Running In Circles

It is six in the morning and I am running in circles around my neighborhood. The front few streets are full of single family suburban homes with sidewalks and satellite dishes. In the back it’s still mostly undeveloped vacant lots with trees and grass and empty bottles.

I have run this circle enough that it has become as familiar as the sun that will soon raise the temperature by ten degrees in as many minutes. On this morning I have begun earlier than usual to avoid the impending heat. It is just dark enough to make the unoccupied streets in the back of my neighborhood vaguely foreboding.

Under the last few moments of street lights and summer moon I notice a scattered parade of doodle bugs slowly making their way from one side of the street to the other. Along a stretch of about a hundred yards I take care to step over them in respect for their relatively epic journey.

I’ve seen them before—the doodle bugs. And I’ve often contemplated their curious behavior as I jog morning after morning through the quiet houses and the whisper of sprinkler heads. 

What could be so great about the other side of the street that would make them bother with such tedious effort? Why not stay where they are? Is it so much better over there? Is it so much worse where they came from? How could they even know? They’re just bugs. Maybe some instinct tells them to strive for something better, or if not better, something… different.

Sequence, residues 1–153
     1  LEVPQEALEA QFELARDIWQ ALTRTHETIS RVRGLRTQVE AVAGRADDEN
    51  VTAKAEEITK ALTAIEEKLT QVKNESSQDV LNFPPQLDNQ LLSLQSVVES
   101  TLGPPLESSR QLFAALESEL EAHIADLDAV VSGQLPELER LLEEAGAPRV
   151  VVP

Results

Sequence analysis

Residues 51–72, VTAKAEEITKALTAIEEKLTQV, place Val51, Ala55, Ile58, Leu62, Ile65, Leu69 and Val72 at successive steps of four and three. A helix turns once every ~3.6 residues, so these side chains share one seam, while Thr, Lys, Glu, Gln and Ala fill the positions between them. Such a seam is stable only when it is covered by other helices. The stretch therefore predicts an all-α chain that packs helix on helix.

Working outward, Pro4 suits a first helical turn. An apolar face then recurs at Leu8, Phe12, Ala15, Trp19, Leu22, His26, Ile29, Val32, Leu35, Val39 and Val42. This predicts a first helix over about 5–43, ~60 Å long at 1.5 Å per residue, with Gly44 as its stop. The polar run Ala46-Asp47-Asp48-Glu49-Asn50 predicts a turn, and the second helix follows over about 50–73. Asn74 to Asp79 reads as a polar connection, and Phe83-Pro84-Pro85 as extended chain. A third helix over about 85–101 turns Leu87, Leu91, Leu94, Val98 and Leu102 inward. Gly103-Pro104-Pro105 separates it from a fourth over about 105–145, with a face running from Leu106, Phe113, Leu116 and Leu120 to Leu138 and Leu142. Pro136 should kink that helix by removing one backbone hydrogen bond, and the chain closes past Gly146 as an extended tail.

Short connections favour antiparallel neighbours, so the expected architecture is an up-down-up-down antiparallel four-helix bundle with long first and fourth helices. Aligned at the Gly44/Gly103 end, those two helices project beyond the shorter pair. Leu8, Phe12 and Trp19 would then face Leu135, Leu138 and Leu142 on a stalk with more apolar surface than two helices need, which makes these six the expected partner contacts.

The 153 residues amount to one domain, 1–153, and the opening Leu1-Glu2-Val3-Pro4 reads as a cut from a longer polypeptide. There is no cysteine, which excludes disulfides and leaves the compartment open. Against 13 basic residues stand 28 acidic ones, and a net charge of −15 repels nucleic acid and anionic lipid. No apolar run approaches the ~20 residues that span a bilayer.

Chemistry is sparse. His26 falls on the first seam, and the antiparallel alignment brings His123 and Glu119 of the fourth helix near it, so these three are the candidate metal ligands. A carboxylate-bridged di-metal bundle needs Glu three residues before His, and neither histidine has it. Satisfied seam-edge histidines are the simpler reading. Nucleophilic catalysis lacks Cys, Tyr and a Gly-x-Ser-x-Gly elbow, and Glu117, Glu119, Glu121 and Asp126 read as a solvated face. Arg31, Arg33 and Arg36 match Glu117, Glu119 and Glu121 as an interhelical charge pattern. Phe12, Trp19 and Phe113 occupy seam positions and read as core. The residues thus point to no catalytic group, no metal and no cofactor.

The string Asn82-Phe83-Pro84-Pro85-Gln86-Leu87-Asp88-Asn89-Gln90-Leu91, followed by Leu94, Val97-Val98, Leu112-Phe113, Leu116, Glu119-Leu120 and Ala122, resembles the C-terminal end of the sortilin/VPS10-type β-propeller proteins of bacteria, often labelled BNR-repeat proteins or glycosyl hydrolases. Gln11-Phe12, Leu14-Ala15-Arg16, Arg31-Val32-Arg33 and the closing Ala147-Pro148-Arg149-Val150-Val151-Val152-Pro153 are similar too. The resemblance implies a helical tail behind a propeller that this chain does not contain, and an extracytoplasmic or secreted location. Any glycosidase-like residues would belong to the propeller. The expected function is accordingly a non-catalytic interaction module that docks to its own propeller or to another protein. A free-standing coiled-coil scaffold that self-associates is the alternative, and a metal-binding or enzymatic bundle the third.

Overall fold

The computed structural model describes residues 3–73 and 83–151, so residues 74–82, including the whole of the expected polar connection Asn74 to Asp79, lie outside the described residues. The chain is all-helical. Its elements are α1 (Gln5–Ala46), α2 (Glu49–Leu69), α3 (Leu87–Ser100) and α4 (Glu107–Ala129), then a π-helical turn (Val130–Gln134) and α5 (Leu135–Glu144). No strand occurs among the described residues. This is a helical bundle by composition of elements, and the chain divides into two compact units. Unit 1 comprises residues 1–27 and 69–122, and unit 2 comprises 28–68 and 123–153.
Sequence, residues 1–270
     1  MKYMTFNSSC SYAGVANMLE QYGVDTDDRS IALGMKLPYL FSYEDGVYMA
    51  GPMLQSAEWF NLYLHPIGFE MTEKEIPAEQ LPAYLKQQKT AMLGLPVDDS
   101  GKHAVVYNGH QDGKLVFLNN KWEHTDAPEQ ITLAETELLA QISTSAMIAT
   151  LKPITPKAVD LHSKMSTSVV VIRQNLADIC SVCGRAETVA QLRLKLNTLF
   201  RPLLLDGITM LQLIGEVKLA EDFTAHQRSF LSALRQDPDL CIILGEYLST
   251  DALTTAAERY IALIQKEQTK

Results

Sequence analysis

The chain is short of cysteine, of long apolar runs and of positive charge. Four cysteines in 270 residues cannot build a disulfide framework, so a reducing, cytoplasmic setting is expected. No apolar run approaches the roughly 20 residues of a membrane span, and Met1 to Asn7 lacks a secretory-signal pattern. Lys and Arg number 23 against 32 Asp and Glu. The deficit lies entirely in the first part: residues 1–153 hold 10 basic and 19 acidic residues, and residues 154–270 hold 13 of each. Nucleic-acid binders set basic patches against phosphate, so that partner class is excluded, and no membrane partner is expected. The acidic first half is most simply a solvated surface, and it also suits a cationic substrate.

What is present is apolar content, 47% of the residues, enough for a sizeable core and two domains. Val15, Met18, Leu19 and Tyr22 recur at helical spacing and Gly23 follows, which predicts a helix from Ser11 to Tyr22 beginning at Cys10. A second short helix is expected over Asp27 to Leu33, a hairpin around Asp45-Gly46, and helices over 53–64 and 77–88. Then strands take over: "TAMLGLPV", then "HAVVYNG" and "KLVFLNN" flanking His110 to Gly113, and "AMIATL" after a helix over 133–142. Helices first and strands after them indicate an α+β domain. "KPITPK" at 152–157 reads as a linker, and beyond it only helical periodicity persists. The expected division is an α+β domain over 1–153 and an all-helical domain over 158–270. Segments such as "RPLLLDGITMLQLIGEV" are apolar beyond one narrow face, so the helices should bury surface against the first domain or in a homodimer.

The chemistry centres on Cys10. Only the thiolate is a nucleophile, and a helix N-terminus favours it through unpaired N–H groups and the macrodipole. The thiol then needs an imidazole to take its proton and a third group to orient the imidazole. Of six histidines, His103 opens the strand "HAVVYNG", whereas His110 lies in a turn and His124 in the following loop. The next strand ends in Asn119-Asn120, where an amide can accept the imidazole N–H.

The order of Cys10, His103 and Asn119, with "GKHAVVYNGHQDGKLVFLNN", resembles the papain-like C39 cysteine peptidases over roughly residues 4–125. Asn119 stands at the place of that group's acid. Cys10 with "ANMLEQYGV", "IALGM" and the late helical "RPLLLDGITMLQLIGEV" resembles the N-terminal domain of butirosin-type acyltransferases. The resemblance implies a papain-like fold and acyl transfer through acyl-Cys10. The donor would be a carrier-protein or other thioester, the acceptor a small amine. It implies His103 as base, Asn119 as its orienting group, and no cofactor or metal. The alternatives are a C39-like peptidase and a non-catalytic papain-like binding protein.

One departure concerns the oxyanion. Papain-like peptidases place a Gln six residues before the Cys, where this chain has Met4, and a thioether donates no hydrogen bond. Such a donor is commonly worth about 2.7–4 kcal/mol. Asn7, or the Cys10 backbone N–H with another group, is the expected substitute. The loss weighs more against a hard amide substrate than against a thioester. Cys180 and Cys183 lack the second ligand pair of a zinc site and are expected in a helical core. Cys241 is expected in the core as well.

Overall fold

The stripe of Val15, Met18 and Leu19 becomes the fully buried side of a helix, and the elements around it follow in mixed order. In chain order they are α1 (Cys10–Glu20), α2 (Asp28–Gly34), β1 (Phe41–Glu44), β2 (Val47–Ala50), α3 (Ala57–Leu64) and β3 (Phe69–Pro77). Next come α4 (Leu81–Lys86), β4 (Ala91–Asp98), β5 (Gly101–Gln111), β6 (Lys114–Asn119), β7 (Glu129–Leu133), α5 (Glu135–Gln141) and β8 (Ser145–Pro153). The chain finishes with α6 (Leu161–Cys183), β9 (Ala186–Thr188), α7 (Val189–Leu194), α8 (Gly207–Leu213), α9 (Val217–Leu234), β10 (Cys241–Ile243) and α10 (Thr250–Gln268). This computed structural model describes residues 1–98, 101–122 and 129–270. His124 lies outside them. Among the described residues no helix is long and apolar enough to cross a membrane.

These thoughts enter and exit my brain as I wipe the sweat and humidity from my forehead. I am thirsty and my left shin has started to cramp but I’ve only got another mile and then I can quit for the day. I listen to my breath and watch an SUV up the block backing out of the driveway.

I have been in training since April for a race set sometime in the future. In reality I am only doing this because I have literally run out of excuses. I’ve spent the better part of the last decade taking care of my family, taking care of my parents, taking care of my career. And now, by some twist of fate, I have avoided calamity long enough to find some spare time and motivation to take care of myself.

It’s about a half a mile around the loop, and by the time I return to the uncivilized part of the neighborhood the sun has risen. Around the bend where I first spotted the doodle bugs I now see birds hopping back and forth enjoying an easy feast. At this point I realize that my careful efforts to protect the bugs has made me an unwitting, albeit compassionate, accomplice to their demise.

As I pass the scene my presence only bothers the birds enough to fly a few feet away and then reconvene their morning meal behind me. My pace slows slightly but not entirely as I absorb the moment of futility I have just witnessed.

Next week I will add another mile to my run and I will likely get up even earlier than I did today. I know I will see more bugs then. I look at my watch and calculate how much further I must run until I can return to the comfort of home.


The Unfamiliar Now

We are all so plagued by our constant thoughts about tomorrow and yesterday that we often meet the present moment as a stranger in the crowd.

All morning I have been watching my mind work on some pretty heavy family issues. We are seeing our elders grow old and ill and at this very moment making life and death decisions. My family is juxtaposed between our lifelong history and our uncertain future. I am tempted to be swept into the emotions of this, but my inner self is finding it easier to detach from those old patterns and observe the situation with new eyes.